In 1959, Lamar Hunt attempted twice to get into the NFL by either starting a football franchise or buying one. Neither worked. So, he just started his own league. Hunt had grown up in Dallas but, his team, The Dallas Texans, weren’t a great draw in the first two years of their existence and The Dallas Cowboys were even less of a draw with both playing their home games in the Cotton Bowl. One thing Hunt would never allow himself to become was… a failure… and so he determined to move someplace where his team could succeed: hello Kansas City, Missouri.
In a sense, Lamar was one of the first “free agents” ever. More importantly, he wanted to move his team to Kansas City.
That same spirit of “wanting” to come to Kansas City has been at issue ever since.
From Joe Montana naming the team he’d accept a trade too… to Peyton Manning shunning fountain town for the Rockies of Colorado… “the want” to be in K.C. remains a central issue to who the Kansas City Chiefs have been, are, and are becoming.
That issue has never been more prevalent than during this 2014 Free Agency period.
Listen to recent free agent signing ILB Joe Mays when asked, “What was the biggest factor in getting you to Kansas City?”
“There are so many different factors, like having a great place for my family, you know, family comes first for me. I want to go to a place where my family would love it, and I’ve heard nothing but great things about it. That was important to me.”
A family environment.
Then Mays goes on to mention his people connection, like Andy Reid, Weston Dressler and that he’d spoken with ex-Chiefs Safety Quintin Demps who spoke so highly of K.C. saying,
“The fans here are great; it’s just a great place to be, a great organization, a great team and a great family-type atmosphere.”
Great family atmosphere.
Great team & organization.
The Chiefs “lost” several starters this offseason to teams who were willing to pay them more and had the ability to do that. I can’t help but feel that in most cases, if each of those players truly “wanted” to be in Kansas City, playing for the Chiefs, they could have worked something out. However, that goes both ways. You can want to be some place, but you must also be wanted, for that to work.
In other words, now that these ex-Chiefs have chosen to go elsewhere, there’s nothing about them that would make me want to see them in a Chiefs uniform again.
That’s simply how relationships work. Why would you want someone around who doesn’t want to be with you?
That’s why I’m super hyped to see the roster continuing to be molded and made over because the more time goes by… the higher the likelihood that every player on the roster will truly and deeply “want” to be in K.C and playing for our Chiefs. Which also means that GM John Dorsey and HC Andy Reid will have the team… that they can call their own.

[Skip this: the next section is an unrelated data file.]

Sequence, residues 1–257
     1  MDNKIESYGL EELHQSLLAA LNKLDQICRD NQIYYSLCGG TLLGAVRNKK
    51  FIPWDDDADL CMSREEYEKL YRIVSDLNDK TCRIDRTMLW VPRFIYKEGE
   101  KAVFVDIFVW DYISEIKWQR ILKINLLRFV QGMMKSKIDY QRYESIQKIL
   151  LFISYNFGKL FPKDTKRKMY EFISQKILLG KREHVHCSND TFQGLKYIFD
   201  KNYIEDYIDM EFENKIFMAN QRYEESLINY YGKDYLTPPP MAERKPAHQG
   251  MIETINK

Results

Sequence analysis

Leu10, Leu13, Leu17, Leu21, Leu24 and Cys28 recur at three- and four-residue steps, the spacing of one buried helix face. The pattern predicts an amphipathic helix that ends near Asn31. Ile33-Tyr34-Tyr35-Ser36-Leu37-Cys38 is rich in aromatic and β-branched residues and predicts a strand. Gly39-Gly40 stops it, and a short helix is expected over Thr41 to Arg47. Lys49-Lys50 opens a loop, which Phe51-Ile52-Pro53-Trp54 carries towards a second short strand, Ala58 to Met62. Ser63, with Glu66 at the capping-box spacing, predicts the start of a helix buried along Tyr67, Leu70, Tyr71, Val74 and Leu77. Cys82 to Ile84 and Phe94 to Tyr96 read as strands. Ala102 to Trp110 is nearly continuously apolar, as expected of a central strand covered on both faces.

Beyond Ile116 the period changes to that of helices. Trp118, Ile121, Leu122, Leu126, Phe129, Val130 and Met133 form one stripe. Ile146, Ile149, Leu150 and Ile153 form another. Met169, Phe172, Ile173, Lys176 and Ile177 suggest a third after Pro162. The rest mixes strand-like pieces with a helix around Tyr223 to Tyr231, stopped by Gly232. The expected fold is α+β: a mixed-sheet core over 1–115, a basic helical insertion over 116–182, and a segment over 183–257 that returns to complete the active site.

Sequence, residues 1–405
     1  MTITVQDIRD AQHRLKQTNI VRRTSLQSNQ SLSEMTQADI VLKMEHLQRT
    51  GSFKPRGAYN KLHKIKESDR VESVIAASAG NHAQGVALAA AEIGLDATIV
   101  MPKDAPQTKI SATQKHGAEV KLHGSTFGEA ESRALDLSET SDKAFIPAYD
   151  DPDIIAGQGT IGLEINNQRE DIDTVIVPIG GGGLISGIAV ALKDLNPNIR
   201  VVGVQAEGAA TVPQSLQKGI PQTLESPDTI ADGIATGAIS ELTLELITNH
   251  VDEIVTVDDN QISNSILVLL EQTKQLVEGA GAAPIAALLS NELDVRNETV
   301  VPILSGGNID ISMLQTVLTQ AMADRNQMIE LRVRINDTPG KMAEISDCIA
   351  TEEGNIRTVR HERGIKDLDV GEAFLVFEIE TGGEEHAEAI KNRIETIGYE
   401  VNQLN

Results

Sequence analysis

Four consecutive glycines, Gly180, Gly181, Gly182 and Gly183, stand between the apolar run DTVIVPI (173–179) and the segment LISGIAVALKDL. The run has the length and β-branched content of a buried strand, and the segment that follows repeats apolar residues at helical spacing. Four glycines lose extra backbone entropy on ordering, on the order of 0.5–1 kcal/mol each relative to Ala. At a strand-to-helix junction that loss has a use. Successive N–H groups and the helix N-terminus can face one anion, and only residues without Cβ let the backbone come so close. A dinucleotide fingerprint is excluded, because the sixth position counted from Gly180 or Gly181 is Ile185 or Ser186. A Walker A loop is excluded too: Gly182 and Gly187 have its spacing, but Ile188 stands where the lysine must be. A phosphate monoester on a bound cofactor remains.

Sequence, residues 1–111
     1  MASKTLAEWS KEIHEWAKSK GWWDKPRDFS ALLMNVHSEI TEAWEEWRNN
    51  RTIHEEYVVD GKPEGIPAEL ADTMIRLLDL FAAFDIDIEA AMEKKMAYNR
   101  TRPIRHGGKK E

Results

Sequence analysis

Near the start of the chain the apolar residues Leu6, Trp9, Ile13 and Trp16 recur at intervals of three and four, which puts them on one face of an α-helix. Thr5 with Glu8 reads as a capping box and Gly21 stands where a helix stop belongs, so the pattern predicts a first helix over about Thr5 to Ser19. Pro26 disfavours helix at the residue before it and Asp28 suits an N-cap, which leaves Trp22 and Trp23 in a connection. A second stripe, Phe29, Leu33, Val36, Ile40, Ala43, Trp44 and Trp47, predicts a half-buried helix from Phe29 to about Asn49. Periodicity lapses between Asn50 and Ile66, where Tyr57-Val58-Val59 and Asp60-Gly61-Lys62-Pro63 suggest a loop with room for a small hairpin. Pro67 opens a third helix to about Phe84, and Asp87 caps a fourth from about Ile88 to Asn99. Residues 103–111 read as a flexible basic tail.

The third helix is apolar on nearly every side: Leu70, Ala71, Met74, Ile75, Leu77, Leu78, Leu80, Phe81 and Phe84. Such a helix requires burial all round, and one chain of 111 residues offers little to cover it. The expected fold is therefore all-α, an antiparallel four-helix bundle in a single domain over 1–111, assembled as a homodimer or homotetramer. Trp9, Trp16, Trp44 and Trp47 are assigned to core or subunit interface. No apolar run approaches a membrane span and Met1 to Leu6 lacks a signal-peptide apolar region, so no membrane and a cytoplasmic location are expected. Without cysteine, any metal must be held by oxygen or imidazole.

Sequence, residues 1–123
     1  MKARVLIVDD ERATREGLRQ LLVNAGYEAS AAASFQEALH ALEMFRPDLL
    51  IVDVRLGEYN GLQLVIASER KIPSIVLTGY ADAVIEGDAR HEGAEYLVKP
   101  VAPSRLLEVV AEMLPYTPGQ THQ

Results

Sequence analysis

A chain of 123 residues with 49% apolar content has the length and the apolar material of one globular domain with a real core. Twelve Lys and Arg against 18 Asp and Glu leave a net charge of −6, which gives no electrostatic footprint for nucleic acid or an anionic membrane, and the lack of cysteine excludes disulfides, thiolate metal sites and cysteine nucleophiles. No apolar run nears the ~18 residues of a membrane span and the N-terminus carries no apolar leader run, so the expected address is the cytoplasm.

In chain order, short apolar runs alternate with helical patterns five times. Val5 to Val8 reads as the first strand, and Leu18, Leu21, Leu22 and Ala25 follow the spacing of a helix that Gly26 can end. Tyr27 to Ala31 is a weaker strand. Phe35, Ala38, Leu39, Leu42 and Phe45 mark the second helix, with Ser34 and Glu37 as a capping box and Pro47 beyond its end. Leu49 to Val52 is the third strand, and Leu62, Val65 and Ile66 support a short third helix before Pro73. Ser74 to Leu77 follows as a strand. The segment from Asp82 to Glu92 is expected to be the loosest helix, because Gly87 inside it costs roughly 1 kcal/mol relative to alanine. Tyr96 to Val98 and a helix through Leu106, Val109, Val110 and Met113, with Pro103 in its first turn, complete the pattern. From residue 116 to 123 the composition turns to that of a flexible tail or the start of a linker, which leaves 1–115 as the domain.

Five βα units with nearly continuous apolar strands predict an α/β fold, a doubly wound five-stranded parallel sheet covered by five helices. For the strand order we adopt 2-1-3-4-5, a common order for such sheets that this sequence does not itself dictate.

The team is then based upon an atmosphere of loyalty. And what “is” loyalty but, long-term consistent wanting.
However, loyalty in the age of free agency is like… a tie game… and what does that really feel like? Like old Navy coach Eddie Erdelatz used to say… it’s like kissing your sister.
If any of you were around at the end of the 1990’s to watch ex-Chiefs DL Neil Smith go to Denver and help the John Elway led Broncos seize two Super Bowl wins… part of you may have felt good for Smith… and part of you may have felt betrayed. It’s natural. You easily could feel both ways. I did and do.
In many ways, Neil Smith and Peyton Manning just don’t get it.
I like the direction GM John Dorsey is heading with the development of the team roster. While some teams are drawn to the big fancy name brand stars, Dorsey is quietly amassing a group of players who are not only skilled but are also quality individuals. A theme that has been appearing in player interviews over the past 15 months is, “That Family Feeling” when team members are describing their Chiefs teammates and what it’s like to play for Andy Reid.
Word of mouth. It’s a powerful way to spread the word in the “business world.” In personal life, it’s your reputation. Chiefs players (ex and existing) are becoming a part of the “recruiting process” when it comes to getting new players into K.C. uniforms. Quintin Demps is one example. Demps didn’t have to give a glowing recommendation to ILB Joe Mays. But, he did, and now here’s Mr. Mays in red and gold, signed sealed and delivered. It happened with Weston Dressler too. Dressler said shortly after his signing with the Chiefs,